The loss of short-term visual representations over time: decay or temporal distinctiveness?

2.50
Hdl Handle:
http://hdl.handle.net/2436/620291
Title:
The loss of short-term visual representations over time: decay or temporal distinctiveness?
Authors:
Mercer, Tom
Abstract:
There has been much recent interest in the loss of visual short-term memories over the passage of time. According to decay theory, visual representations are gradually forgotten as time passes, reflecting a slow and steady distortion of the memory trace. However, this is controversial and decay effects can be explained in other ways. The present experiment aimed to reexamine the maintenance and loss of visual information over the short term. Decay and temporal distinctiveness models were tested using a delayed discrimination task, in which participants compared complex and novel objects over unfilled retention intervals of variable length. Experiment 1 found no significant change in the accuracy of visual memory from 2 to 6 s, but the gap separating trials reliably influenced task performance. Experiment 2 found evidence for information loss at a 10-s retention interval, but temporally separating trials restored the fidelity of visual memory, possibly because temporally isolated representations are distinct from older memory traces. In conclusion, visual representations lose accuracy at some point after 6 s, but only within temporally crowded contexts. These findings highlight the importance of temporal distinctiveness within visual short-term memory.
Citation:
The loss of short-term visual representations over time: decay or temporal distinctiveness? 2014, 40 (6):2281-8 J Exp Psychol Hum Percept Perform
Publisher:
American Psychological Association
Journal:
Journal of experimental psychology. Human perception and performance
Issue Date:
Dec-2014
URI:
http://hdl.handle.net/2436/620291
DOI:
10.1037/a0038141
PubMed ID:
25314045
Additional Links:
http://wk6kg9sd8m.search.serialssolutions.com/?sid=sersol&SS_jc=JOURNOFEXPPS&title=Journal%20of%20experimental%20psychology.%20Human%20perception%20and%20performance
Type:
Article
Language:
en
Description:
Mercer, T. (2014). The loss of short-term visual representations over time: Decay or temporal distinctiveness? Journal of Experimental Psychology: Human Perception and Performance, 40, 2281-2288. doi:10.1037/a0038141
ISSN:
1939-1277
Appears in Collections:
FEHW

Full metadata record

DC FieldValue Language
dc.contributor.authorMercer, Tomen
dc.date.accessioned2016-11-21T15:30:34Z-
dc.date.available2016-11-21T15:30:34Z-
dc.date.issued2014-12-
dc.identifier.citationThe loss of short-term visual representations over time: decay or temporal distinctiveness? 2014, 40 (6):2281-8 J Exp Psychol Hum Percept Performen
dc.identifier.issn1939-1277-
dc.identifier.pmid25314045-
dc.identifier.doi10.1037/a0038141-
dc.identifier.urihttp://hdl.handle.net/2436/620291-
dc.descriptionMercer, T. (2014). The loss of short-term visual representations over time: Decay or temporal distinctiveness? Journal of Experimental Psychology: Human Perception and Performance, 40, 2281-2288. doi:10.1037/a0038141en
dc.description.abstractThere has been much recent interest in the loss of visual short-term memories over the passage of time. According to decay theory, visual representations are gradually forgotten as time passes, reflecting a slow and steady distortion of the memory trace. However, this is controversial and decay effects can be explained in other ways. The present experiment aimed to reexamine the maintenance and loss of visual information over the short term. Decay and temporal distinctiveness models were tested using a delayed discrimination task, in which participants compared complex and novel objects over unfilled retention intervals of variable length. Experiment 1 found no significant change in the accuracy of visual memory from 2 to 6 s, but the gap separating trials reliably influenced task performance. Experiment 2 found evidence for information loss at a 10-s retention interval, but temporally separating trials restored the fidelity of visual memory, possibly because temporally isolated representations are distinct from older memory traces. In conclusion, visual representations lose accuracy at some point after 6 s, but only within temporally crowded contexts. These findings highlight the importance of temporal distinctiveness within visual short-term memory.en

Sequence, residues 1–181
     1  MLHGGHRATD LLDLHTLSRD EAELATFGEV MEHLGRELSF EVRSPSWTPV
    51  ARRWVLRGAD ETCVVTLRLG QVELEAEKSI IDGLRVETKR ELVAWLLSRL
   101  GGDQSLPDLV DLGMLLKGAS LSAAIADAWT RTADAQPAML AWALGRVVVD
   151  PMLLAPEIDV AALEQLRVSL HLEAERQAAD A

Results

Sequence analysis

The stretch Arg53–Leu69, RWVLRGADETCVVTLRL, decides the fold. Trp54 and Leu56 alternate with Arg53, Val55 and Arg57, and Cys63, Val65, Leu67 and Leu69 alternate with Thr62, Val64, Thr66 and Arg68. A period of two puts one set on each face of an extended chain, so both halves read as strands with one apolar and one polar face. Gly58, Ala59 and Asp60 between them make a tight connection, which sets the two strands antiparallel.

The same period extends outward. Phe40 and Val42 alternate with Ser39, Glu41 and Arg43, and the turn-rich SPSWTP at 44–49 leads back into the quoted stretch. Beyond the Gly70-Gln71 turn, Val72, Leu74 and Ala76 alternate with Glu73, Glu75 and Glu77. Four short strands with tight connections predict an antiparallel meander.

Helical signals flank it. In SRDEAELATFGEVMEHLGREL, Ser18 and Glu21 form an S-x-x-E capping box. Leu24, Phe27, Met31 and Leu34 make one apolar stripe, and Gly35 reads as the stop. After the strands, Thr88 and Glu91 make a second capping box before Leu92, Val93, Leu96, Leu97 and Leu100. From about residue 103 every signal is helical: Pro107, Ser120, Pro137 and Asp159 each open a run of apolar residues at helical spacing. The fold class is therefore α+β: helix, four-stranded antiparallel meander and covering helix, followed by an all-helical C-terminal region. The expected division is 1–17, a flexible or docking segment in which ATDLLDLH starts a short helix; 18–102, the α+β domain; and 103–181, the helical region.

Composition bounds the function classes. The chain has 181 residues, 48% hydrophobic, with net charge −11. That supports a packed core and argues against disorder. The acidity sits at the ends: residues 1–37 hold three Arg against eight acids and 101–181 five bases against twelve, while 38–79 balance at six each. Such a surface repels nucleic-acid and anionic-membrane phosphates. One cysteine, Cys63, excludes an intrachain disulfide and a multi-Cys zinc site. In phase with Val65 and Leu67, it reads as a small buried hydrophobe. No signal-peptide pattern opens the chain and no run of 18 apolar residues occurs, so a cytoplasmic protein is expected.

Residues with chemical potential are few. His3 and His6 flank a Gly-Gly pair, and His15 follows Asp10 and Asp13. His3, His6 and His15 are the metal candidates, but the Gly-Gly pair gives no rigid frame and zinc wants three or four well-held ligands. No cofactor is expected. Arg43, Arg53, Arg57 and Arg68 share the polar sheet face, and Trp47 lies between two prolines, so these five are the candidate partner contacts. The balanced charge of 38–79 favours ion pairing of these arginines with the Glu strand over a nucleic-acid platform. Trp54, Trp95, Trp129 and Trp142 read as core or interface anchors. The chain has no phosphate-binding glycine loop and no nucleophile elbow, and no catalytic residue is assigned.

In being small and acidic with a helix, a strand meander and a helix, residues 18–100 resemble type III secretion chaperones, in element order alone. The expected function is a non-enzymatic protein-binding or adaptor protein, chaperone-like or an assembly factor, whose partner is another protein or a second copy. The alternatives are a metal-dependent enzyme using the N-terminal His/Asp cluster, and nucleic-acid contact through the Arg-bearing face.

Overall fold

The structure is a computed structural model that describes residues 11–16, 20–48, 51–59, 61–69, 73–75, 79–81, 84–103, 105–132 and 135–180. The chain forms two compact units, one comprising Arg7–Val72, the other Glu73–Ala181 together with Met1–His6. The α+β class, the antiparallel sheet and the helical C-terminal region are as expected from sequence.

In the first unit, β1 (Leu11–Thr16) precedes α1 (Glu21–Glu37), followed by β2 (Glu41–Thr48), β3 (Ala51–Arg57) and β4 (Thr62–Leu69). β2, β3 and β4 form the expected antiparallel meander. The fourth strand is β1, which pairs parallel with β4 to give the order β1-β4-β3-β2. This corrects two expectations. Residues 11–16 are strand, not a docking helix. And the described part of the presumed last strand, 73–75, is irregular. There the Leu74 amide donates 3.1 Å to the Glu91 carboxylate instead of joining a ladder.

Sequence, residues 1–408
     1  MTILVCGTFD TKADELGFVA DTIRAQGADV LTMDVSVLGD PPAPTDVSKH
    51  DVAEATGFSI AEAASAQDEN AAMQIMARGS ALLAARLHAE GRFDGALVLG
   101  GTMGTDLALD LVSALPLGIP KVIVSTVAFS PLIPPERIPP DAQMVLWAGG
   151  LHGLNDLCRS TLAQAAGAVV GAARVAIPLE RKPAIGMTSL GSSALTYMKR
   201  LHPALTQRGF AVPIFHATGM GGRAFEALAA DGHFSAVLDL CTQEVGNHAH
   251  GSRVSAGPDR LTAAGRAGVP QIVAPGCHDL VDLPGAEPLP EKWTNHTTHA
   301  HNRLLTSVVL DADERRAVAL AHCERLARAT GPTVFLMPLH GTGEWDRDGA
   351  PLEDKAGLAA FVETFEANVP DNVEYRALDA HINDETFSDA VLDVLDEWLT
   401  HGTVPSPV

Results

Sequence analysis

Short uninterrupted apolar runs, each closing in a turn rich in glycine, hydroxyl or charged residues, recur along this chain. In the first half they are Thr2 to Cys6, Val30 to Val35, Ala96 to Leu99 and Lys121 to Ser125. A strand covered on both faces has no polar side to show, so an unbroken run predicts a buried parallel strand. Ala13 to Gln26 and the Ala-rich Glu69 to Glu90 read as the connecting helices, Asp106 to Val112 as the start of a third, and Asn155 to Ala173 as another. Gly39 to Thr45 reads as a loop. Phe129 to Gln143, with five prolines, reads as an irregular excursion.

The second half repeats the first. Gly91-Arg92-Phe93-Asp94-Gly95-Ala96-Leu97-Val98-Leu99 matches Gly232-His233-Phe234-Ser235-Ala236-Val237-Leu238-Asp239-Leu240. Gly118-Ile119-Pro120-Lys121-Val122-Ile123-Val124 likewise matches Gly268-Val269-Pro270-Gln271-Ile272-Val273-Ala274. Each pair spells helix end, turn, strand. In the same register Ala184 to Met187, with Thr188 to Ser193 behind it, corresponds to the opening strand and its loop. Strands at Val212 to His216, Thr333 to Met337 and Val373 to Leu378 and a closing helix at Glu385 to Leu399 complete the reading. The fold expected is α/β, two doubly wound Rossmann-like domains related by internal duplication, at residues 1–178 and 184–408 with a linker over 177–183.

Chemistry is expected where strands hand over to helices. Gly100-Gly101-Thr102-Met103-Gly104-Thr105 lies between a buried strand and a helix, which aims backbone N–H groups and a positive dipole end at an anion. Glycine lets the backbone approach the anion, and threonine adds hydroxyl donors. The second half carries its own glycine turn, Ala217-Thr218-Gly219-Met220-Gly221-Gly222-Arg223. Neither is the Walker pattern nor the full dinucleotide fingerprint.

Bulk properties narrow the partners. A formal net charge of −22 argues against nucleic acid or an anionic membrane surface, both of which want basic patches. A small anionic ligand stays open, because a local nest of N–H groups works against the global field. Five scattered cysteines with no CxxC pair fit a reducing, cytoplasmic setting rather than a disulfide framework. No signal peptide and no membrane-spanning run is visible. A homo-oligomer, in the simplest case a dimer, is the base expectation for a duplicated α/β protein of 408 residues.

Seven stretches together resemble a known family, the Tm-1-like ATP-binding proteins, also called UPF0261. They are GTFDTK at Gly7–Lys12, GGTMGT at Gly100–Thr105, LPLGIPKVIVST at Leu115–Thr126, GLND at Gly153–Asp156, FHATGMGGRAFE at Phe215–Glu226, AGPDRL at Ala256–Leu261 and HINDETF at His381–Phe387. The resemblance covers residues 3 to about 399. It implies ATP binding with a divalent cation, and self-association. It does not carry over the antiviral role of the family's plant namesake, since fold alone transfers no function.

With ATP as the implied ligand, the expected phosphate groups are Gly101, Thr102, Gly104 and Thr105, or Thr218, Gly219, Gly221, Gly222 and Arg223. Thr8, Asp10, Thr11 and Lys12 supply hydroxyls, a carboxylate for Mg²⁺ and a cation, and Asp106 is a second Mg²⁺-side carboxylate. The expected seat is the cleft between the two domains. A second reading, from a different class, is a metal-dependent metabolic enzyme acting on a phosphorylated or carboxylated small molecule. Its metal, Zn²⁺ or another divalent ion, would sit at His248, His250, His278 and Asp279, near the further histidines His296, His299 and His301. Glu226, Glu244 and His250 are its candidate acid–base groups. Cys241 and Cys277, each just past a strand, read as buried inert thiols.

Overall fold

dc.languageENG-
dc.language.isoenen
dc.publisherAmerican Psychological Associationen
dc.relation.urlhttp://wk6kg9sd8m.search.serialssolutions.com/?sid=sersol&SS_jc=JOURNOFEXPPS&title=Journal%20of%20experimental%20psychology.%20Human%20perception%20and%20performanceen
dc.rightsArchived with thanks to Journal of experimental psychology. Human perception and performanceen
dc.subjectVisual memoryen
dc.subjectdecayen
dc.subjecttemporal distinctivenessen
dc.subjectforgettingen
dc.subjectshort-term memoryen
dc.subject.meshAdult-
dc.subject.meshAssociation Learning-
dc.subject.meshColor Perception-
dc.subject.meshDepth Perception-
dc.subject.meshDiscrimination Learning-
dc.subject.meshFemale-
dc.subject.meshHumans-
dc.subject.meshMale-
dc.subject.meshMemory, Short-Term-
dc.subject.meshOrientation-
dc.subject.meshPattern Recognition, Visual-
dc.subject.meshReaction Time-
dc.subject.meshRetention (Psychology)-
dc.subject.meshYoung Adult-
dc.titleThe loss of short-term visual representations over time: decay or temporal distinctiveness?en
dc.typeArticleen
dc.identifier.journalJournal of experimental psychology. Human perception and performanceen

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